- TD Bank announced a program to help financial professionals re-enter the industry following an extended family, medical or personal leave. The bank has partnered with iRelaunch for the return-to-work program, which is available to professionals in credit management and commercial lending who have been out of the workplace for at least two years, a press statement said. The bank said it will kick off its first 16-week program in the New York City metro area in January 2020.
- The program will help professionals, especially women, successfully resume their careers through coaching, mentoring, personal development, career revitalization and networking, the statement said. Citing a Harvard Business Review study, the bank noted that while 43% of women leave the labor force to raise children, care for aging parents or for personal illness, many eventually need to return to work.
- "Career relaunch programs present a huge opportunity to tap into a skilled pool of talented individuals who want to return to the traditional workforce," Chris Giamo, head of commercial bank at TD Bank, said in the statement. "TD Bank strongly supports the success of all of our employees — and especially women in the banking sector — and I am thrilled that we are launching this program as a key part of that effort."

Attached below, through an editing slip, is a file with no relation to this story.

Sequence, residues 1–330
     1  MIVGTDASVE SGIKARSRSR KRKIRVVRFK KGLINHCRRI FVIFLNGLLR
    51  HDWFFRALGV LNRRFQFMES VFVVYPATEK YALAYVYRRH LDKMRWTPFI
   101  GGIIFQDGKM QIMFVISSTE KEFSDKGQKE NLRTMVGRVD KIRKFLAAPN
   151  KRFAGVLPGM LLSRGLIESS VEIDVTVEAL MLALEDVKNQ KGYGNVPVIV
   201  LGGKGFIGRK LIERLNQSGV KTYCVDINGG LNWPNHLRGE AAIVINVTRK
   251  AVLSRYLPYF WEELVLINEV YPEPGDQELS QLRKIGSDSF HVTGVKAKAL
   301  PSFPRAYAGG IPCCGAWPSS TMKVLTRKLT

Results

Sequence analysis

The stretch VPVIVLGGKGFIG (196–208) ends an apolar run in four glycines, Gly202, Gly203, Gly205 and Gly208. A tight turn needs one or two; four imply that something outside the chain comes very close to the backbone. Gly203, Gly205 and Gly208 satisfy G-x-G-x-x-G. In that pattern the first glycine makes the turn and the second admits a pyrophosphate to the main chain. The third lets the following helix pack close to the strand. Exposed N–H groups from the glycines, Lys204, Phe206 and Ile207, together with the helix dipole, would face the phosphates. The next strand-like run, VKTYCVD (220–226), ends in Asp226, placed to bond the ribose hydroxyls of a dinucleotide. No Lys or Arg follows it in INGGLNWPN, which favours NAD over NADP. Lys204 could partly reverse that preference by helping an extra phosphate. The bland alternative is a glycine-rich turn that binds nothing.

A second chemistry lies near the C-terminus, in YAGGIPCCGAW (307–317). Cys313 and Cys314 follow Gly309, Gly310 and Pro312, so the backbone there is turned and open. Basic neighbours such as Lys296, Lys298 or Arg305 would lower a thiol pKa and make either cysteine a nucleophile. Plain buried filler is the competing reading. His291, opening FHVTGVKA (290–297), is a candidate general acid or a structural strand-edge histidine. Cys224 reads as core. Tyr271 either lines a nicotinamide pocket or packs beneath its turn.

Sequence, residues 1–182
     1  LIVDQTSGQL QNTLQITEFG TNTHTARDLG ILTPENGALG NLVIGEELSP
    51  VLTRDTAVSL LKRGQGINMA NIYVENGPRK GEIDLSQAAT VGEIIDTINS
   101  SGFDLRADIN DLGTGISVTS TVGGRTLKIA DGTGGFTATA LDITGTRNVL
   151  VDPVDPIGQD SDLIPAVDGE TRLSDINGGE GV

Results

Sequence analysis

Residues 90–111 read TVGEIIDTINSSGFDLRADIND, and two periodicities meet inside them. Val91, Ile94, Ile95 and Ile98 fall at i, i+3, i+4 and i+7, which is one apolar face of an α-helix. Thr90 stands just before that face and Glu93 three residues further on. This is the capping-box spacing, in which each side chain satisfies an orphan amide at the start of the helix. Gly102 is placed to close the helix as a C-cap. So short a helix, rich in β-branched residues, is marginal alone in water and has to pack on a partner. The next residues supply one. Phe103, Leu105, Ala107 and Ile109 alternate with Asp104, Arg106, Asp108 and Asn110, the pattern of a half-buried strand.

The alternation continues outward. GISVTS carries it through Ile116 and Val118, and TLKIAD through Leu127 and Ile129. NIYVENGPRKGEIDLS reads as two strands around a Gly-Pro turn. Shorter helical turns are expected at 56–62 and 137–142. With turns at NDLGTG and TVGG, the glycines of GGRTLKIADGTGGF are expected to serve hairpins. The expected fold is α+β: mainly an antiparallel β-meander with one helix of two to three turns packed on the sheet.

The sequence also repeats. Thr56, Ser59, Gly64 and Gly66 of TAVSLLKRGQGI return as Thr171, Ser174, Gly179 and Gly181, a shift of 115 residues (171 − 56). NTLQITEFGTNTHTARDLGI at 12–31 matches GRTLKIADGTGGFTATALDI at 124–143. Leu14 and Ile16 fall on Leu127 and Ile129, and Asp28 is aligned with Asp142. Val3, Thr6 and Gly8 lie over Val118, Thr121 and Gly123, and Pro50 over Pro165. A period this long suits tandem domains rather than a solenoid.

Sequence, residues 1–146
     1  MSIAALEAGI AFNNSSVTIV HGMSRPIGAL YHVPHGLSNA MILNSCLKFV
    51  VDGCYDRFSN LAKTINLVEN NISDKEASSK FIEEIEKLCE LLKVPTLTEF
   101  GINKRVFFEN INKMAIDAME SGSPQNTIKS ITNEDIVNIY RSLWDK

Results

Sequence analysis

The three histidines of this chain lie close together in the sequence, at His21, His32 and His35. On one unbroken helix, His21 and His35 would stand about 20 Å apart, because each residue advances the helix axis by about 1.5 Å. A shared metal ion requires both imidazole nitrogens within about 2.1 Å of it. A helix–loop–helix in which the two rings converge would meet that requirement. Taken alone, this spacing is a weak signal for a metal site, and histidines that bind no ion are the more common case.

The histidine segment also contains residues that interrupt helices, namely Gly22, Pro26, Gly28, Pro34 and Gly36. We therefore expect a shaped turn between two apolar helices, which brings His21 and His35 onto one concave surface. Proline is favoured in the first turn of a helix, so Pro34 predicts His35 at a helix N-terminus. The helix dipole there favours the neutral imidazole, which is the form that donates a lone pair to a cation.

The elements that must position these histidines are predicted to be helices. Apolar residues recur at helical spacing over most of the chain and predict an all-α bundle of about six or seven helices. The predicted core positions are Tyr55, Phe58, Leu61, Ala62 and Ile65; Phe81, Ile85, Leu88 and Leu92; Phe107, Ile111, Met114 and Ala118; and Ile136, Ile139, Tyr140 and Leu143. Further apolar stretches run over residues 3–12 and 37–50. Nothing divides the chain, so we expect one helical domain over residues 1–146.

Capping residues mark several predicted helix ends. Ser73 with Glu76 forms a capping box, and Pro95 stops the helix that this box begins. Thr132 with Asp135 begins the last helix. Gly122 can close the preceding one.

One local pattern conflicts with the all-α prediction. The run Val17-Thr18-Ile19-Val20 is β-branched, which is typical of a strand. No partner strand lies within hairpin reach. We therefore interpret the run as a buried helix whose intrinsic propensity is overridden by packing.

Return-to-work, or returnships, have been trending for some time, and their common mission is to prepare people who have had a break in their career for jobs and reconnect them professionally with their peers. Returnships can be a win-win for employers and workers; employers get a chance to work with program participants and gauge their performance before hiring them, and professionals get a chance to regain their careers and become marketable again. Returnships also expand the talent pool for employers in a tight labor market.
BP saw merit in a career re-entry program when it revived its BP Returnship Program earlier this year. The returnship was resurrected after what the company described as a successful pilot program in 2017, and BP extended it from six months to nine months to enable more people to participate. Walmart, too, announced in May that it would expand its return-to-work partnership program with Path Forward to allow more people to participate. The four-month program offers professional development opportunities, networking and skills training in such areas as product development and software engineering.
Talent professionals can make their organizations more inclusive for caregivers — especially for women and parents — through programs that ease them into working again. Experts have said that before pitching a new program, such as a returnship program, to the C-suite, talent pros should consult with the CFO and ask for their feedback on the program's business case.